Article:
really honest postcards from lyon: part four
Be sure to check Lip weekly for new instalments of Really Honest Postcards from Lyon, April Smallwood’s six part series on life as a young Australian expatriate in France.
I’ve been cooking a lot of Filipino dishes lately – adobo and sinegang mostly; kare-kare oxtail stew is next, because it calls for peanut butter. Like a cosmic high-five from the universe, I walked by an Asian supermarket recently and it was like coming home. Remember that time in NYC when we hit up Chinatown for bún bò? It was just like that. A culinary cure for homesickness. Maybe it’s proof we miss our mothers. Or maybe in this city, where I am the foreigner, the food of my people makes me feel less invisible. It’s a declaration to the French: ‘Hey, you with the baguette crammed in your pit! I have an identity too! And it’s all tangy broths and vinegary chicken, and next-day rice fried with garlic and salt.’ I doubt they’d care. Filo food is a hard sell. Very messy. All pork, no butter.
Incidentally, the neighbourhood that’s home to Lyon’s Chinatown is where I experienced repeated street harassment. And worse than I’ve ever known back home. The more you and I have been back-and-forthing about misogyny, the greater responsibility I feel to stick it to men who interrupt a woman’s evening walk, a trip to the supermarket, or really any public outing that’s necessary to live a functioning life. Without detailing every incident, I will tell you the worst of them. I was waiting out front of Part Dieu train station when a man, drunk and loose-eyed, approached. After talking at me for two minutes, he kindly assured me that if I were his wife, he would not beat me up as others do. Then he gestured his clenched fists into my face, at which point I told him to go home. A watered-down version of what I was thinking but too afraid to say.
A survey conducted this year found that of the 600 women who took part, 100 per cent had been victim to ‘gender harassment or sexual assault’ on public transport. One hundred per cent! In April, a French television commentator wrote online that being whistled at on the street was plutot sympa, i.e. ‘rather pleasant’. The comment is now a hashtag, #plutotsympa, used by women to recount dickheads behaving badly in public.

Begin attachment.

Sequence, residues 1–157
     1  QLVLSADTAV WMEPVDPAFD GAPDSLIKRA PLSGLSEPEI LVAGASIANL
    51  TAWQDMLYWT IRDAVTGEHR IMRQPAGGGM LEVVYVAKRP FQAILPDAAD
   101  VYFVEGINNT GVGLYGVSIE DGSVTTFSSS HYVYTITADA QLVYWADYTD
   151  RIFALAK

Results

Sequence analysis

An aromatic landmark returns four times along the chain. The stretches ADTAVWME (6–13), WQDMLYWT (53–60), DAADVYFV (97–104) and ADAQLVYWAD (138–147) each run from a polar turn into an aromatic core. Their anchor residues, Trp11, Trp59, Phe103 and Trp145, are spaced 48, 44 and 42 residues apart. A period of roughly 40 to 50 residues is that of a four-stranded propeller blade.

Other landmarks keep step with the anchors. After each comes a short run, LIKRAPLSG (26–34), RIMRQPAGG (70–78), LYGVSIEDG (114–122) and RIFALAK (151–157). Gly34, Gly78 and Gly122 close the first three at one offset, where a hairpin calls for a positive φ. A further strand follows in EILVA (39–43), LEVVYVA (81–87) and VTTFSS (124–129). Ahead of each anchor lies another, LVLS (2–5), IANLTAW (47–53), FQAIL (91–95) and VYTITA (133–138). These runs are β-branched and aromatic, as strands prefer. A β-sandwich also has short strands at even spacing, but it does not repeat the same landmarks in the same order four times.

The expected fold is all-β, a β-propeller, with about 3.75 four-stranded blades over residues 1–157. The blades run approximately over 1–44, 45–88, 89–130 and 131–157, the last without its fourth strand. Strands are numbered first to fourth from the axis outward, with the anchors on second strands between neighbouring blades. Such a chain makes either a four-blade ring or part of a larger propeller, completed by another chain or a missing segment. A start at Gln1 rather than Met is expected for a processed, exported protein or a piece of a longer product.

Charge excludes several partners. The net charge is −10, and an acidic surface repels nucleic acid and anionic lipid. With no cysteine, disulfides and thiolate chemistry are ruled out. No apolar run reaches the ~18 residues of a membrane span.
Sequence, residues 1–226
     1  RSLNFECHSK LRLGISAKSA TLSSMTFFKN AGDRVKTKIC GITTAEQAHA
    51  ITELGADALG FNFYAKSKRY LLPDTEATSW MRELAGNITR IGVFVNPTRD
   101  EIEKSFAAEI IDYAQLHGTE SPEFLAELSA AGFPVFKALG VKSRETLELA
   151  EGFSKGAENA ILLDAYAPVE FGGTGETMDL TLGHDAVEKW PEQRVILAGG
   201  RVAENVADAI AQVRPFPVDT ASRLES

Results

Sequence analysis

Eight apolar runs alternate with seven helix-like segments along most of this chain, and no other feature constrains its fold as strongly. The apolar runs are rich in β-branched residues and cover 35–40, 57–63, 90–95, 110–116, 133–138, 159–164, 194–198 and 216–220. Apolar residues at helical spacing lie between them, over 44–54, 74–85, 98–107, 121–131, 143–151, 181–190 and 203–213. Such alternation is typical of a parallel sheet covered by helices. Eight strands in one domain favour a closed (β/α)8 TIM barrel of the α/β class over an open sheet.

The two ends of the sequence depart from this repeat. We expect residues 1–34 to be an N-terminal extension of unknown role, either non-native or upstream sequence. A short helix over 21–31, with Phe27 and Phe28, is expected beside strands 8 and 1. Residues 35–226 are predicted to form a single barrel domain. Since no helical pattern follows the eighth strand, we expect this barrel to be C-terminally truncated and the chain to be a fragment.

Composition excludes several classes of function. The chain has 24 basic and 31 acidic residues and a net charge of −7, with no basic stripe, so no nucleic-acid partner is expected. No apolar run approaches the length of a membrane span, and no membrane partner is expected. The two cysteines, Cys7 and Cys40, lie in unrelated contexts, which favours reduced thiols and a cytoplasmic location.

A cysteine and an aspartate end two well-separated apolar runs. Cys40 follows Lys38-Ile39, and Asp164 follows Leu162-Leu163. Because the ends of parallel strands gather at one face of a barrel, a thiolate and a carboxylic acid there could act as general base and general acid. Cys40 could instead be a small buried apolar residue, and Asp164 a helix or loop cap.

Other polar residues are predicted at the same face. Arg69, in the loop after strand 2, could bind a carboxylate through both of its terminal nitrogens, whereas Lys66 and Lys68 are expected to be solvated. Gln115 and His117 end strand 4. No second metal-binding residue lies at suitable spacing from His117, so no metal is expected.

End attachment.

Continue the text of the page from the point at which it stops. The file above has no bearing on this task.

This whole ordeal has helped me shed a desire to be likeable. After countless disrespects, I got irate, which is unlike me. I’ve also perfected my “fuck off” face and, when threatened, walk around as if ready to strike. What’s most frustrating is that it’s impossible to stand up for myself when I can’t yet do so in French. To make myself clear, I’ve been flipping guys off and avoiding clusters of men at night. Things only really improved when I moved to a new arrondissement. I realise the lesson I’m preaching here is terrible. Tired of being harassed? Change suburb!
I’ve attached an anonymous young woman’s amazing reflection on what I’ve touched on. I really don’t know how to proceed. I’m certain my aggression towards gender offenders won’t change them. I am disappointed that you can’t buy a country loaf without some guy taking your walking sans escort to mean you’re in the market for one. What do you think? I suppose talking about it is a start. Teach our kids to be strong and respectful when we have them. I’m out of ideas.
I’m silly on cider now. Trying to remind myself that these letters need not be profound or insightful. So the Croix-Rousse markets sell really cheap, perfect raspberries for €2.50 a punnet. I thought about doing the Amélie Poulain one-on-every-finger bit, but didn’t. Instead, I sat each berry on my tongue and felt the singular beads dissolve. I also picked up a bag of white peaches that are so incredible they negate the need for dessert.
So, this could very well be our final month in France. We’re both waiting for word on two very exciting jobs in Paris, but August is dead here with people off on holidays, so updates are slow. While in limbo, we’ve been pitching articles to websites, watching a heap of Louie, and doing lower-back exercises. The thought of coming home early has grown on me. It would be rather nice to grab a Sunday coffee and share baked ricotta cheesecake with you.
Are you free? Y/N/M.
You can read the rest of April’s Postcards here.